health2 - To: From: Subject: Governor Sonny Perdue Should...

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To: Governor Sonny Perdue From: Subject: Should Georgia adopt the Massachusetts Health Reform bill? Executive Summary A 2005 US Census report showed that the number of uninsured Americans rose to 15.9% of the population – about 46.6 million people- an increase of approximately 1.3 million people from the previous year (45.3 million – 2004) (Figure 1). What I don’t understand is how is it that the United States spends twice as much on per capita health expenditures than other developed nations that provide health care to all its citizens, yet still has such a large number of people uninsured and an even greater number underinsured. We cannot adopt the Massachusetts Health Reform model as it stands right now because it has certain limiting features that would work counterproductive to its goal. There is still a substantial amount of uninsured individuals who stand to be disadvantaged if we implement such a reform here in Georgia. According to the Henry J. Kaiser Family Foundation, as of 2005, 18.1% - 1.56 million people - of Georgia residents are uninsured, a 1.2% increase over the 2004 total of 16.9% (Figure 3). This number, and the fact that it has increased, is proof that something needs to be done and quickly. The Massachusetts Health Reform bill seems great in writing, but the success of its applicability is questionable. The gist of the bill basically proposes to expand eligibility requirements for Medicaid, provide subsidies for low income individuals who do not qualify for Medicaid to purchase their own insurance, mandates that all residents have health insurance by July 1, 2007, or face a fine. The bill also imposes penalties on employers, increases funding for Medicaid providers who meet certain ‘improved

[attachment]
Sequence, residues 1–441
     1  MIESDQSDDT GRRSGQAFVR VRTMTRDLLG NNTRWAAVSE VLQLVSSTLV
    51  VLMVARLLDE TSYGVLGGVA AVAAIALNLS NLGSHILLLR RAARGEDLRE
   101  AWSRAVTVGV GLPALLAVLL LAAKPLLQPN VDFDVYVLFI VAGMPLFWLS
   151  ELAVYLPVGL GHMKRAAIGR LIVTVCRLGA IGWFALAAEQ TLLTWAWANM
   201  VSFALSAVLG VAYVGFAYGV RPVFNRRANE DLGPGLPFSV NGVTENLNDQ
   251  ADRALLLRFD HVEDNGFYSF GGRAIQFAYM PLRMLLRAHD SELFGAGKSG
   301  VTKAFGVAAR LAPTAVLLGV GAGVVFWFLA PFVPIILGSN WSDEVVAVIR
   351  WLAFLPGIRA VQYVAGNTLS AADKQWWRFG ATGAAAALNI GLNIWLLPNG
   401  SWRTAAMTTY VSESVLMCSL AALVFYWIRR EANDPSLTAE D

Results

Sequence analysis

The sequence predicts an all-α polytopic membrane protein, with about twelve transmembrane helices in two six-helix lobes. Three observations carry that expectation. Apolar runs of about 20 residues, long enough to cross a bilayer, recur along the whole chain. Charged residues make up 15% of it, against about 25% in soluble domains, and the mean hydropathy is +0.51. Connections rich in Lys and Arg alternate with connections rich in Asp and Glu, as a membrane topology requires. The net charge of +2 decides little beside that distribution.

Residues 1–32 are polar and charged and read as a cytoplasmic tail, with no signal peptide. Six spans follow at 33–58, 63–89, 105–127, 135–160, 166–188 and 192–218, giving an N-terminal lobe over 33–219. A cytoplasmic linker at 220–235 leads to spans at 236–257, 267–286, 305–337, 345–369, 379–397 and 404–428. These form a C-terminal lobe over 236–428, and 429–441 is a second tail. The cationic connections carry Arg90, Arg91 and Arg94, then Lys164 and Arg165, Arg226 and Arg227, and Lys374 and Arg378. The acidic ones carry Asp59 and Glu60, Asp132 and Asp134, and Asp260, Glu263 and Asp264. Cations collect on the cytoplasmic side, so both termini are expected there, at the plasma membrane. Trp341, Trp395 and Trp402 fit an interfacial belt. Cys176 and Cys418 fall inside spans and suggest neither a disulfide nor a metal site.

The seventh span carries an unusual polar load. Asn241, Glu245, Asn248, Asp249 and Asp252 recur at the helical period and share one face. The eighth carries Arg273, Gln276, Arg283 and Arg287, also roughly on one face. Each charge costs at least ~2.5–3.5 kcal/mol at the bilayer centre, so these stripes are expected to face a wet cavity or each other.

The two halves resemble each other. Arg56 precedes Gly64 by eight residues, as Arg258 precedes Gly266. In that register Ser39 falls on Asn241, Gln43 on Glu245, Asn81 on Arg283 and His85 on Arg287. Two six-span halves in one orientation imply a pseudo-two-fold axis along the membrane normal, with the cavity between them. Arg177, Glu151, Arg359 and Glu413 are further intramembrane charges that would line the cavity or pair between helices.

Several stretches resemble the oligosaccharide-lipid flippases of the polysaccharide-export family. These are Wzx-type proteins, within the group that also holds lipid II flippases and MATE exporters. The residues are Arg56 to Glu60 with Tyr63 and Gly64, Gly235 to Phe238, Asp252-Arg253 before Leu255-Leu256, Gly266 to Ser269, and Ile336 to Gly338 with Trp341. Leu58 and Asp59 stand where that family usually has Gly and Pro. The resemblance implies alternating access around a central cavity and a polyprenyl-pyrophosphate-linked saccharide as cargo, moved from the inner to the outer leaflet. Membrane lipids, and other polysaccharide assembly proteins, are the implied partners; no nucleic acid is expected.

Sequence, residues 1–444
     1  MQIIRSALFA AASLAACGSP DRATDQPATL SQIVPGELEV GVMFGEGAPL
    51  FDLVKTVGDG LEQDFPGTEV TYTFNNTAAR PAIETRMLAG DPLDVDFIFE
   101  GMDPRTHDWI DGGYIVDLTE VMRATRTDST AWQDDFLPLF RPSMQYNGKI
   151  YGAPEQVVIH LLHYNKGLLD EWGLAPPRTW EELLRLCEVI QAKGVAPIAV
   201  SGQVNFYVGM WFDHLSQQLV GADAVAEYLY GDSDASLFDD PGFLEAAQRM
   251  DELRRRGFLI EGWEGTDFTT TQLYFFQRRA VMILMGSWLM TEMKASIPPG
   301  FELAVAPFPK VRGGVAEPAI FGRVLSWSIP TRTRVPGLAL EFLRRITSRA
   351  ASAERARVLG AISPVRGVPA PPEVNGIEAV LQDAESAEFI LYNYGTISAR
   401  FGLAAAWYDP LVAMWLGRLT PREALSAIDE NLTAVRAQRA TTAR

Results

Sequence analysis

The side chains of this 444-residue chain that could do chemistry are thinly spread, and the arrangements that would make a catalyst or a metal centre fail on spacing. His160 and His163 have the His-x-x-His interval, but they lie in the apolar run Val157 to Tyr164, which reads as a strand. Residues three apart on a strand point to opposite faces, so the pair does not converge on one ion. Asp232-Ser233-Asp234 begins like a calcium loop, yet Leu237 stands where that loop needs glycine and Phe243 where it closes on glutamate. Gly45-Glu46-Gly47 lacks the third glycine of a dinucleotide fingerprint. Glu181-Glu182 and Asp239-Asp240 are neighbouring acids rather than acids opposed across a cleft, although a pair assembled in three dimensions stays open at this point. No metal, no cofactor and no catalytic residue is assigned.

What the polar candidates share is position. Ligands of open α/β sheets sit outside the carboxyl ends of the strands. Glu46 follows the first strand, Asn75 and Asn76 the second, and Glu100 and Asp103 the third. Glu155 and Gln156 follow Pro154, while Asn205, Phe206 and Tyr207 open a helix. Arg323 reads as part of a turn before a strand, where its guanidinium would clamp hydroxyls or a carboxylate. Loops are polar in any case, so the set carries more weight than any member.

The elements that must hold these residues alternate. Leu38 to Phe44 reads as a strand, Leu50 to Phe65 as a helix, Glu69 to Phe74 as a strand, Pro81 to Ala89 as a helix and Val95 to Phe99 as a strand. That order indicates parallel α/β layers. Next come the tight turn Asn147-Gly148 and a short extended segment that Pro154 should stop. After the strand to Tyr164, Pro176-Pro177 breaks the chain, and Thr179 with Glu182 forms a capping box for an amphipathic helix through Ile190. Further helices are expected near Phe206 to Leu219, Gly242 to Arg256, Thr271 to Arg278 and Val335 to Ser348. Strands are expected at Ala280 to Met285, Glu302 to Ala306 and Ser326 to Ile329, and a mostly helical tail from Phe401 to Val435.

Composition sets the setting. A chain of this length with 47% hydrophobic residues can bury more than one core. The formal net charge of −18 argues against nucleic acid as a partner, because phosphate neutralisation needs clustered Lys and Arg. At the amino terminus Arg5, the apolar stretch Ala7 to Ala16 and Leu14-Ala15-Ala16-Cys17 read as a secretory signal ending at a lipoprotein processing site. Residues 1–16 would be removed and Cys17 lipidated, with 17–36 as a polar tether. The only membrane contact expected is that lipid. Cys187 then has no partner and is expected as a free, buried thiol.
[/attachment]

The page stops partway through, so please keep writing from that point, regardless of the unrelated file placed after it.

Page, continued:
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quality’ requirements, and implements reforms for the Insurance market that better benefit the individual. There needs to be a more specific definition for certain provisions, and the individual mandate clause needs to be eliminated. Also, the reform seems to avoid the problem of the skyrocketing cost of health insurance and the plight of the underinsured. More accountability needs to be placed on the health insurance companies. Introduction: Where do we stand? (Nationally) According to the World Health Organization (WHO), the United States is currently ranked 37 th in the world for overall healthcare. Life expectancy in the United States was at 77.2 years in 2002, below the OECD average. Health expenditure in the United States accounts for 15% of its GDP the highest of all the OECD countries. The United States also spends over $5,000 per capita on health expenditures. Approximately 46.6 million Americans are uninsured, of that number a vast majority is due to the unbearable cost of health insurance. This number doesn’t account for the vast millions who are underinsured; meaning the coverage provided by their insurance companies is very limited. Breaking down the 46.6 million uninsured by race translates into 32.7% of the Hispanic population, 29.9% of American Indians and Alaska
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health2 - To: From: Subject: Governor Sonny Perdue Should...

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